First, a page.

The victims were from more than 40 countries, and they included mothers, students, siblings and missionaries.
The 31 people killed and the more than 260 injured in the bombings in Brussels on Tuesday morning reflected the international nature of Brussels -- both as the home of the European Union parliament, and as the capital of a country with a large immigrant population.
For several days after the blasts, some relatives and friends posted pictures on social media and asked for information about those reported missing, only to see their worst fears confirmed.
Belgian authorities have not released a list of the names and nationalities of the victims, but at least three of the dead – siblings Alexander and Sascha Pinczowski, and 21-year-old marketing student Bart Migom -- were from the U.S.
Here's what we know so far:
Elita Borbor Weah
Elita Borbor Weah, who was heading to Rhode Island for her stepfather's funeral, had texted family members a photo of herself Tuesday at Brussels Airport.
A short time later, two suicide bombers struck the airport, leaving Weah among their victims.
The 40-year-old had been living in the Netherlands with her 13-year-old daughter after her extended family from Liberia had dispersed across West Africa, Europe and the United States following Liberia's civil wars.
Her brother Oscar Weah, of Providence, Rhode Island, was shaking and in tears Friday as he described how his older sister helped care for him over the years. Other relatives also sang her praises.
"She had a good heart," said 14-year-old niece Eden Weah. "She was always worried about everybody."
Now, in addition to holding a funeral for her 87-year-old stepfather, the family was making arrangements to care for her teenage daughter.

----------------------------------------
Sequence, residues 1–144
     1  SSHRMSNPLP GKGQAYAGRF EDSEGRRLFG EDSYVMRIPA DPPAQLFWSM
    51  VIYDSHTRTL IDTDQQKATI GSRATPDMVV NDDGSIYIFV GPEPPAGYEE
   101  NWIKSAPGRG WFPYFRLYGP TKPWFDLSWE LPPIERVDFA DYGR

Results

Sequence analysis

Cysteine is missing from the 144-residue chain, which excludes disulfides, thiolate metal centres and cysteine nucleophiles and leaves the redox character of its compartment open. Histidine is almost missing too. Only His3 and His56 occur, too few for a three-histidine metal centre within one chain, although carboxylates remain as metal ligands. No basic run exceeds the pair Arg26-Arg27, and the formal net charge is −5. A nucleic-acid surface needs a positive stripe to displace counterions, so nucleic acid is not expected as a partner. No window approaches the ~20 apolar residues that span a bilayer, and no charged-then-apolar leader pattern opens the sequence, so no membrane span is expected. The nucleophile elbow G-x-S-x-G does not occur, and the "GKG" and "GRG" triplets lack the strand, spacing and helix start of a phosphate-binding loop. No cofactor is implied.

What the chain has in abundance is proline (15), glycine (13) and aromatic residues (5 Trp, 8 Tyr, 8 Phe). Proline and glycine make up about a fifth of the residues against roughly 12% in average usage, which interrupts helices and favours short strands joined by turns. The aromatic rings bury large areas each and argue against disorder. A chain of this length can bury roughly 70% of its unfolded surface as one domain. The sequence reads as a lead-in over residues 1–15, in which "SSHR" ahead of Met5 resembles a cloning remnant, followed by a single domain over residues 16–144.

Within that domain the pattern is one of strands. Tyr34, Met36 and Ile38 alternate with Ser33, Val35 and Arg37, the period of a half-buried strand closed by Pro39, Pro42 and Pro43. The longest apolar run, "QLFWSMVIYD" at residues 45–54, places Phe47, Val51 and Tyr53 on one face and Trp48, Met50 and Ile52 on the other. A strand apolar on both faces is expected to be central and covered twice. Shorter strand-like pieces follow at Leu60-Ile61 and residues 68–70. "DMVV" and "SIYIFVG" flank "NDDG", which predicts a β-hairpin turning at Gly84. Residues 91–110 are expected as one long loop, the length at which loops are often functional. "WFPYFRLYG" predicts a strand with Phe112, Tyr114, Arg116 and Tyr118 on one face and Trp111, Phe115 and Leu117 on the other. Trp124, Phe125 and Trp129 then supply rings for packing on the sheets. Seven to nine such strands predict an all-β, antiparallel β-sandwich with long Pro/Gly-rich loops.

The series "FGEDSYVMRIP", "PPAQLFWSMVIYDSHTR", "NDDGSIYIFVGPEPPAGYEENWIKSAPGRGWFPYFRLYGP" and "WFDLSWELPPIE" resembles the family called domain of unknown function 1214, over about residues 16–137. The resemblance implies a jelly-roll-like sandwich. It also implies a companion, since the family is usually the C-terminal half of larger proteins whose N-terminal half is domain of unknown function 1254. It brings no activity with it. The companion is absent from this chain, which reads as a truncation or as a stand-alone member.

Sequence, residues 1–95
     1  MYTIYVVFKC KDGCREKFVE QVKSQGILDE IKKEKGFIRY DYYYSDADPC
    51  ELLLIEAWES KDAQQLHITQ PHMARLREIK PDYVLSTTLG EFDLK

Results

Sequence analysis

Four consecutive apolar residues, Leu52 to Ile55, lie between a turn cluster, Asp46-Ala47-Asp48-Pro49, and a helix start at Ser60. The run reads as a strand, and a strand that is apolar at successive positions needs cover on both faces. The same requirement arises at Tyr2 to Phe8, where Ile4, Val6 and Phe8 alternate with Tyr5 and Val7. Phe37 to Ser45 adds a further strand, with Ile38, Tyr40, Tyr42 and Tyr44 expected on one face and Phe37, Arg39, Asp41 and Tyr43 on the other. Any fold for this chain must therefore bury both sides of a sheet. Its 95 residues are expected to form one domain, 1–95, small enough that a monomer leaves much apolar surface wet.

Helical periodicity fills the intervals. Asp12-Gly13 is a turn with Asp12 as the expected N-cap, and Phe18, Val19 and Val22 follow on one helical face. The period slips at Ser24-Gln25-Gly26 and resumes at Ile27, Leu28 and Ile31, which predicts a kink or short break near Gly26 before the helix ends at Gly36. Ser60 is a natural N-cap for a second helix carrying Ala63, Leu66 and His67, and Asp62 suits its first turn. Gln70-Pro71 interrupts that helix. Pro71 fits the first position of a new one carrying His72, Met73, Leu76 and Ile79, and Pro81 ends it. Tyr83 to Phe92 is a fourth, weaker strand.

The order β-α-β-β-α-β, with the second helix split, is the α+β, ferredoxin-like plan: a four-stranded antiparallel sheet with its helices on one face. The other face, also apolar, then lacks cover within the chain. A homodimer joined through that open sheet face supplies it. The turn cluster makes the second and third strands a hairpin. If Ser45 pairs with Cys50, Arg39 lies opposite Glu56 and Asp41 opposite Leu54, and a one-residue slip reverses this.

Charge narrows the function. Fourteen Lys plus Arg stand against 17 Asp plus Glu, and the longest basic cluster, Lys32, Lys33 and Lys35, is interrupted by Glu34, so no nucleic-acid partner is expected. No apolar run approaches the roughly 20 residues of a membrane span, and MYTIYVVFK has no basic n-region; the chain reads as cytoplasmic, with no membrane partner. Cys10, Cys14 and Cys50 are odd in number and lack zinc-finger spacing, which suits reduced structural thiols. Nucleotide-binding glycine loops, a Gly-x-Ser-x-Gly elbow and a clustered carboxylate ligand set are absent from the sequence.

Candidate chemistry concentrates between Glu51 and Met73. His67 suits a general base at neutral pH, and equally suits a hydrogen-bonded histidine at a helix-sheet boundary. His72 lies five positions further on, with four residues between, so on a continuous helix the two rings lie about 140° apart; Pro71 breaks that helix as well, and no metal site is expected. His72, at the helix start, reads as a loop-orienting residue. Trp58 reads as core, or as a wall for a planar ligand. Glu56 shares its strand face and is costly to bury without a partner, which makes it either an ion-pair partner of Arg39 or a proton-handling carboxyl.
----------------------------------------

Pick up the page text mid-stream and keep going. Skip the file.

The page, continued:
David Dixon had texted family members to say he was safe after two bombs severely damaged Brussels airport, but he was killed shortly after when a bomber attacked the subway system.
Dixon, 53, a British citizen, was working as a computer programmer at the time of his death, which was confirmed Friday by Britain's Foreign Office.
Friends and family had been searching for him since he failed to arrive at work Tuesday morning in the hours after the bomb attacks. Press reports indicated he lived in Brussels with his partner and their son.
"This morning we received the most terrible and devastating news about our beloved David," said a statement sent out by officials on behalf of Dixon's family Friday. "At this most painful time our family would gratefully appreciate it if we could be left alone to grieve in private."
Prime Minister David Cameron said he was "deeply saddened" by the death of Dixon, who was originally from Hartlepool, in northeastern England.
Alexander and Sascha Pinczowski
A brother and sister from New York were among the 31 people killed in this week's bombings of an airport and subway station in Brussels, officials confirmed Friday.
Sascha and Alexander Pinczowski, Dutch nationals who lived in the U.S., were at Brussels Airport on Tuesday when bombs exploded in the departure area, where travelers were waiting to check in for their flights, according to a family spokesman.
"Two young siblings from our city were taken from us far too soon, and our hearts break for the family and friends of Sascha and Alexander," New York Mayor Bill de Blasio said in a statement.
The pair were headed back to America, and Alexander, 29, was on the phone with his mother when the attack happened, said James Cain, whose daughter Cameron was engaged to Alexander, according to the Associated Press.
Family and friends had been searching for information about the pair since Tuesday and have posted tributes on Facebook.
Sascha was "one of a kind and I have never met a more vibrant person," a former classmate wrote. Another friend posted: "Sascha is our little sunshine. The most amazing, kind hearted and goofy person I know."